So I had this blog scheduled in my calendar long before the world turned upside down. But now, with so many people needing to work at home, it seems like it’s the perfect time to talk about it and give some work from home tips.
Since going freelance and starting the blog, I’ve been learning a lot about working at home. What I thought would be a simple transition and a great luxury, has been just that, but it’s also been a lesson in self-discipline and independence. Waking up every morning and motivating yourself to work without any external encouragement or supervision is tricky, especially surrounded by the comforts of your home.
And it can extend far beyond your productivity and work life. Working at home removes the social elements of office life, makes you less likely to take a walk and can give you cabin fever (or worse, refusal-to-leave-the-cabin fever).
So, let’s take a look at the ways you work at home whilst staying healthy and productive.
“May you find the balance of life – time for work but also time for play. Too much of one thing ends up creating stress that no one needs in their life.” – Catherine Pulsifer
My work from home tips
Create a dedicated working space
I like variety. Even when I worked an office job, throughout the day, I’d be found in corners, sofas, meeting rooms and cubbies – essentially anywhere that wasn’t my desk. But, for certain tasks, I’ve always found it helpful to have a dedicated work-space. And now, working at home, it’s great to have a place to call ‘work’, that I can somewhat separate from ‘home’.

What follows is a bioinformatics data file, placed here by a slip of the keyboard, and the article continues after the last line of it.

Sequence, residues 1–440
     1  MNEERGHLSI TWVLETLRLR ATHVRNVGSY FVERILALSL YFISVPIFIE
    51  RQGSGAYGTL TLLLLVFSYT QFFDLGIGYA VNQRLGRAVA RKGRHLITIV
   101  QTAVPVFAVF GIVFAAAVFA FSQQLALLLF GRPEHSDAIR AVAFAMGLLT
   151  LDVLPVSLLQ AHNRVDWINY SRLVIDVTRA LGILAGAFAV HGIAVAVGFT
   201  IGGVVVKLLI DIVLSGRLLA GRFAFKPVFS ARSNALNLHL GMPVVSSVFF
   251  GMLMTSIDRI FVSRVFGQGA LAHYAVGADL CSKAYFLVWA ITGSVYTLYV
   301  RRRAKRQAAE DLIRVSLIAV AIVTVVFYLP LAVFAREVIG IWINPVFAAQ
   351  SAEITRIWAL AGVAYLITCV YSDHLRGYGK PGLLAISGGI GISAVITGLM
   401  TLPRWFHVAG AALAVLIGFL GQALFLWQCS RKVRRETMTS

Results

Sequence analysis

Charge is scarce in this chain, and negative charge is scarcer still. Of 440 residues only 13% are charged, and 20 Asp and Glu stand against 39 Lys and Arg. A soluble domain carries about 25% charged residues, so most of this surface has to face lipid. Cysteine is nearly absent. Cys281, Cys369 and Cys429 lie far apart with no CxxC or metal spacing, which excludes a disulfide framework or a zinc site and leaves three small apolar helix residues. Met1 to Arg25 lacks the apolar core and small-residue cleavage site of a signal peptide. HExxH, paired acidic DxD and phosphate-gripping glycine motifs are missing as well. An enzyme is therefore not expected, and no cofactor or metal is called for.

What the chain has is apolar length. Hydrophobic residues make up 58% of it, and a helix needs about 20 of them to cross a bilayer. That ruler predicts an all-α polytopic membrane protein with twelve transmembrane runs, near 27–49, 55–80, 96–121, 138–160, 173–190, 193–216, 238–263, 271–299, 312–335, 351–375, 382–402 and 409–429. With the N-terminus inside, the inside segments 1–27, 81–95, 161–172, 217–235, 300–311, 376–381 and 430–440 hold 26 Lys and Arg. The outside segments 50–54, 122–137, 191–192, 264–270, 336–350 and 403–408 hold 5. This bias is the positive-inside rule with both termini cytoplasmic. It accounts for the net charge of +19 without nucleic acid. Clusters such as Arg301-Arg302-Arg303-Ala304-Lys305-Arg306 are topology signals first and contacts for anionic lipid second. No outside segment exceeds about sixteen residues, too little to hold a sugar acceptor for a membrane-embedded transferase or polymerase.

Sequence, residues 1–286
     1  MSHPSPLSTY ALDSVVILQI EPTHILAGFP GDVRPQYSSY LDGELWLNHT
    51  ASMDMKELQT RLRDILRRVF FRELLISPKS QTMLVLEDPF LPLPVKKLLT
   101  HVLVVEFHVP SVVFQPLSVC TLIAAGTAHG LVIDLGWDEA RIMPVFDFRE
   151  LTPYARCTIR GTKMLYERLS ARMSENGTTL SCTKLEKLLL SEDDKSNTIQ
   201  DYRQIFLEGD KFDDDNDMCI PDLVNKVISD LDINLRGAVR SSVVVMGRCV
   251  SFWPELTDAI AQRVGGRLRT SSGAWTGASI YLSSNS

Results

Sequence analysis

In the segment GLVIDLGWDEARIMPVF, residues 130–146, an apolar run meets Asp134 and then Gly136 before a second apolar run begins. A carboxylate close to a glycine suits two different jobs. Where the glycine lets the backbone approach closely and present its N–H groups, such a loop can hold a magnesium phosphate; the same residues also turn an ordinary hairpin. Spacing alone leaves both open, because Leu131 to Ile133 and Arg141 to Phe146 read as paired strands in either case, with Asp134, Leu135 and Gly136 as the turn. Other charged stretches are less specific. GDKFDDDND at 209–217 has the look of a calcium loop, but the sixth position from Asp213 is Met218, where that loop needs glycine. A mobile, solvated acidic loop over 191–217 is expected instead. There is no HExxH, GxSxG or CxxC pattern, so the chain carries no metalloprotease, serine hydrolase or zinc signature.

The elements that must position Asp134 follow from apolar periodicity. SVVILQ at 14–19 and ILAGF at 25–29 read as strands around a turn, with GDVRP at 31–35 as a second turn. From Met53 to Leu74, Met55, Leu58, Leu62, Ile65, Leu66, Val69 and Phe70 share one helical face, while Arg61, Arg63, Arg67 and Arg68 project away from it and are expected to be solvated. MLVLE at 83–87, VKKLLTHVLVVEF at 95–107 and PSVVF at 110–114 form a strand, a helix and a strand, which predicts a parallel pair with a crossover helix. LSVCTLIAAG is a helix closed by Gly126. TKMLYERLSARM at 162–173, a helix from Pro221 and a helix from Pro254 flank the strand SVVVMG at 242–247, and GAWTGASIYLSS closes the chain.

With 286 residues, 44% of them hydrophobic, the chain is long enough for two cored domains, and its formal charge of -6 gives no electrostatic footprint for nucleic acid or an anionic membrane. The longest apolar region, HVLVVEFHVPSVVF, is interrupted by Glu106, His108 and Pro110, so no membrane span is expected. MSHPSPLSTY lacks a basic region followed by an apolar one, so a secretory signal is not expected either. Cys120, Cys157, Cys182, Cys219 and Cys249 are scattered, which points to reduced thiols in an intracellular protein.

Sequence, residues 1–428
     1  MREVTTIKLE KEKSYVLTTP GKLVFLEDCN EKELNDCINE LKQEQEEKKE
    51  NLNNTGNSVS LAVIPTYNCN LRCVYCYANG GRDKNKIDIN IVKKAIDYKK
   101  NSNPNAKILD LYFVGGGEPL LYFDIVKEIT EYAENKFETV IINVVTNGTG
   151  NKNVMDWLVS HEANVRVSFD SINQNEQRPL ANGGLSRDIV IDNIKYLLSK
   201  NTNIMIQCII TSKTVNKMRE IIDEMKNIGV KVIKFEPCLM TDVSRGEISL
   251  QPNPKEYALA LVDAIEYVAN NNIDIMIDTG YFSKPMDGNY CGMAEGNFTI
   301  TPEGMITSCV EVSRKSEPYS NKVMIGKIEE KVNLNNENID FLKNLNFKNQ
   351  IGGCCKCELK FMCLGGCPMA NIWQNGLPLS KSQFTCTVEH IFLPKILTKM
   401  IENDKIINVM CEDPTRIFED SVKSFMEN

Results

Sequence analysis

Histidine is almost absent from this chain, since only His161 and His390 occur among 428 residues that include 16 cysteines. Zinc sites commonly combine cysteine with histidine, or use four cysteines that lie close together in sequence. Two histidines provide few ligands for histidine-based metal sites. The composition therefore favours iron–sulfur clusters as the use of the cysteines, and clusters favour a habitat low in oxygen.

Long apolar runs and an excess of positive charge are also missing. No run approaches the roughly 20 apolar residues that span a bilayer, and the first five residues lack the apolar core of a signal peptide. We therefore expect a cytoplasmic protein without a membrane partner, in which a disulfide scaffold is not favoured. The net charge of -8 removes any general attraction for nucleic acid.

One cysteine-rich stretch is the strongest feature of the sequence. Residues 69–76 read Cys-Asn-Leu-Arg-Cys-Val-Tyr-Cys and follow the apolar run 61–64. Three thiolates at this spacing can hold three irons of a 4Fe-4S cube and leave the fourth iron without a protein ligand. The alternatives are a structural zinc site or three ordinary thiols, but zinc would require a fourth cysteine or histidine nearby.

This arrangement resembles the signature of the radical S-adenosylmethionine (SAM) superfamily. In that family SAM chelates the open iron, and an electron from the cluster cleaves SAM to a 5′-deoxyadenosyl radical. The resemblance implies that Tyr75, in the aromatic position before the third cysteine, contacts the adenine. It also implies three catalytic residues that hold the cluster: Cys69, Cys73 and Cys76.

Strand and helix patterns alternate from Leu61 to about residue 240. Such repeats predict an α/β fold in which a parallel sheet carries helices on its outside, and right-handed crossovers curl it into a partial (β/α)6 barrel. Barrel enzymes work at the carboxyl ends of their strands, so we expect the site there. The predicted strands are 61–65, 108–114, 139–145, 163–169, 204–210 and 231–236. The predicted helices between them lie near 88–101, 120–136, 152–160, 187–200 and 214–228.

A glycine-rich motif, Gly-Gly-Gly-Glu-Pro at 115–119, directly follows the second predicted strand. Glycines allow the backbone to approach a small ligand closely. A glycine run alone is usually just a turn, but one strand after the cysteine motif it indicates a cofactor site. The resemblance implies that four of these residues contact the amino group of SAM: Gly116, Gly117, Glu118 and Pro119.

It’s also really handy to have everything you might need for your tasks in one place. That way you won’t need to get up every five minutes and lose your momentum.
So I have my desk area for the serious sitdown work: admin, planning, answering emails, etc. But for creative work, you’ll find me anywhere. It sounds a little silly, but I know other creatives who’re the same – there’s something just not right about trying to channel creativity and ideas whilst sitting square on at a desk.
Stick to a normal working structure
Sticking to a normal work schedule encourages you to keep productive and healthy. If you find yourself slipping into regular 12-13 hour days (guilty as charged), I can guarantee you’ll be getting less work done than if you stuck to a 9-5 schedule.
That said, you’re working at home and there are benefits! So bend your schedule to fit around your ideal routine. If you find that you’re never particularly productive in the early morning, start work later. If you find a lunchtime workout makes you more relaxed and productive in the afternoon, get those trainers on and make time. One of the biggest benefits of working from home is that you can plan your schedule to work for you the best.
And this leads quite nicely onto my next point. Take breaks! Especially with no colleagues around to distract you, it can be easy to sit down in the morning, then look up realising that it’s dark outside and you and your chair have become one.